Informational Theories of Content and Mental Representation

Review of Philosophy and Psychology 11 (3):613-627 (2020)
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Abstract

Informational theories of semantic content have been recently gaining prominence in the debate on the notion of mental representation. In this paper we examine new-wave informational theories which have a special focus on cognitive science. In particular, we argue that these theories face four important difficulties: they do not fully solve the problem of error, fall prey to the wrong distality attribution problem, have serious difficulties accounting for ambiguous and redundant representations and fail to deliver a metasemantic theory of representation. Furthermore, we argue that these difficulties derive from their exclusive reliance on the notion of information, so we suggest that pure informational accounts should be complemented with functional approaches.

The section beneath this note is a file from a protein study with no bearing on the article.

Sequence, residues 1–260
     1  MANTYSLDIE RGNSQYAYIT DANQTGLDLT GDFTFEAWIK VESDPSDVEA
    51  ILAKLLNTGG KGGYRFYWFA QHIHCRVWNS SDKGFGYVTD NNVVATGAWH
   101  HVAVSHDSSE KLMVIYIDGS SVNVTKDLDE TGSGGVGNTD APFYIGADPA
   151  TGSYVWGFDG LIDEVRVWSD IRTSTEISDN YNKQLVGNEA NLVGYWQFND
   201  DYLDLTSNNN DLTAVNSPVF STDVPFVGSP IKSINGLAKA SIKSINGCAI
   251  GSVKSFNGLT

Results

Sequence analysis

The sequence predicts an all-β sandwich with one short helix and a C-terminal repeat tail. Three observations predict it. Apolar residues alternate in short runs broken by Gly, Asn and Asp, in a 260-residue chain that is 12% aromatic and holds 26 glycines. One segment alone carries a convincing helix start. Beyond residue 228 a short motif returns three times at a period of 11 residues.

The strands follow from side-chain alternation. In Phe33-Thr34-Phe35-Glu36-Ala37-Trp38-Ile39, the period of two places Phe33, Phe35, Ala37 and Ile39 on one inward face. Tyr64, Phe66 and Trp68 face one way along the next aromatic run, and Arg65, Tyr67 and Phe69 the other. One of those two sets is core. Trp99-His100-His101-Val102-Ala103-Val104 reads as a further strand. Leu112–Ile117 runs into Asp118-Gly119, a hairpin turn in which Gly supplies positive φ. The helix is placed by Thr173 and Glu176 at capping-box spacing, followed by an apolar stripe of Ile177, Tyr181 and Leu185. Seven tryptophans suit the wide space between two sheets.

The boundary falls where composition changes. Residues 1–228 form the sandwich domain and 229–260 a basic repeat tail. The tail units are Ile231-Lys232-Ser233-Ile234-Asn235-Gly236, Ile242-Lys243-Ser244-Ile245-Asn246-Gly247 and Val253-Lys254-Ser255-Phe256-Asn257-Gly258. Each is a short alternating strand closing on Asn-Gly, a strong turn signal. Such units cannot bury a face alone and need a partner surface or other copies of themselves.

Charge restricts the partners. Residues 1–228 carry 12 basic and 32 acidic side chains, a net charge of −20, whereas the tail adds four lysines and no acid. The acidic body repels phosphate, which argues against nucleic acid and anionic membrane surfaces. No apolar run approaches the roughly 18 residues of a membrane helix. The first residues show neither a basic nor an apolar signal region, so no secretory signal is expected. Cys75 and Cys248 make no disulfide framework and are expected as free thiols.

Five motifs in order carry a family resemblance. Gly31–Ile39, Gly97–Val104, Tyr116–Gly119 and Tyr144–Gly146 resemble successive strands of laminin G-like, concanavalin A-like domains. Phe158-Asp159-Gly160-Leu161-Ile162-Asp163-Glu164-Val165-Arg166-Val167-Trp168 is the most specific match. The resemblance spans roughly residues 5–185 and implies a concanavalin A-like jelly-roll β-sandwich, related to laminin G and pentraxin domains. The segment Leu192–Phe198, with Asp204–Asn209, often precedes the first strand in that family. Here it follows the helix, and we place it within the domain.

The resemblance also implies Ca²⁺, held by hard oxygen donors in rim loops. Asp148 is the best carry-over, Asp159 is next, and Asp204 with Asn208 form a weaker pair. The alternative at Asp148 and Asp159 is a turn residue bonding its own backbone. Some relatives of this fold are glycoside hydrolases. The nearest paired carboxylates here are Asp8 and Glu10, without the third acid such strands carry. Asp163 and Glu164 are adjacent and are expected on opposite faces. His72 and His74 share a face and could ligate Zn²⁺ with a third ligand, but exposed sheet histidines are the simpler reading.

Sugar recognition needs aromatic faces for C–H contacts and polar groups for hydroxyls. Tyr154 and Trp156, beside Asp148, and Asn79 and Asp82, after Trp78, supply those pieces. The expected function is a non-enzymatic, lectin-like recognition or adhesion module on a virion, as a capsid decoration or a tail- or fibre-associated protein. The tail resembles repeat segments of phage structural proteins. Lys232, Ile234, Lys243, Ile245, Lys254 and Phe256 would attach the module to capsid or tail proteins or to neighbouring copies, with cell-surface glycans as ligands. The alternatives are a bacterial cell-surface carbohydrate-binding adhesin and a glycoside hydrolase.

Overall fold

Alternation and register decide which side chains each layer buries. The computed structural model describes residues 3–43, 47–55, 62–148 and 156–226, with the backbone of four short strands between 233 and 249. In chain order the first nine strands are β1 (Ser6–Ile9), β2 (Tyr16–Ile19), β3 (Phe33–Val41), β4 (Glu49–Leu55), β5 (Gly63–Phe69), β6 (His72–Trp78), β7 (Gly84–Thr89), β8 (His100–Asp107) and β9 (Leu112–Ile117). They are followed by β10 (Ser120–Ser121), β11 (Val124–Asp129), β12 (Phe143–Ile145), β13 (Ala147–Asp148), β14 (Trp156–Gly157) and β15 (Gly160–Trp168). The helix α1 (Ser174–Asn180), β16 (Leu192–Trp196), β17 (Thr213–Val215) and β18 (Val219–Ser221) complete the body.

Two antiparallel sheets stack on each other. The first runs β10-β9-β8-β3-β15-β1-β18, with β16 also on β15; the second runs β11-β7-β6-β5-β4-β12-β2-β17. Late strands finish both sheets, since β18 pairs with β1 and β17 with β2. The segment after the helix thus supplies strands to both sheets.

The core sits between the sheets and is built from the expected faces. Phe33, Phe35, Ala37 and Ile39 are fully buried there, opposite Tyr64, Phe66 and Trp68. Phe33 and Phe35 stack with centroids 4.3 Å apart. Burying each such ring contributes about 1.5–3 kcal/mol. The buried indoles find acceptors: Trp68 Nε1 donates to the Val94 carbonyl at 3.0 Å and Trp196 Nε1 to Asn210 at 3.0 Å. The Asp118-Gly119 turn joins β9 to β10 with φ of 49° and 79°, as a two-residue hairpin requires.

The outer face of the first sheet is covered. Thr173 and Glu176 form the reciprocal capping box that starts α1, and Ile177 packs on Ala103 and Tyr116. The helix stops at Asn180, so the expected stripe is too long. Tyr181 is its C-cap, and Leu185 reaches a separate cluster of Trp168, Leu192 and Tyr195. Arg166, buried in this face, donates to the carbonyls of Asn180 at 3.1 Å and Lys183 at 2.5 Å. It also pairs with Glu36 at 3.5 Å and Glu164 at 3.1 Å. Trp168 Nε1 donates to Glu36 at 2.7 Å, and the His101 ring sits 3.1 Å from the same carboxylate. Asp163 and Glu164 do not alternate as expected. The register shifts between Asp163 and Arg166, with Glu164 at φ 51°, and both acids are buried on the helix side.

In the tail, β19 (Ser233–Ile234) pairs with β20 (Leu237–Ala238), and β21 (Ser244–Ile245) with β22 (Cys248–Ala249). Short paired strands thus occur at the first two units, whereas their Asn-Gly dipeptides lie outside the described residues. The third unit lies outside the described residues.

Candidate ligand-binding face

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Author Profiles

Miguel Angel Sebastian
National Autonomous University of Mexico
Marc Artiga
Universitat De València

Citations of this work

Causal Theories of Mental Content.Fred Adams & Ken Aizawa - 2010 - Stanford Encyclopedia of Philosophy.
Models, Information and Meaning.Marc Artiga - 2020 - Studies in History and Philosophy of Science Part C: Studies in History and Philosophy of Biological and Biomedical Sciences 82:101284.

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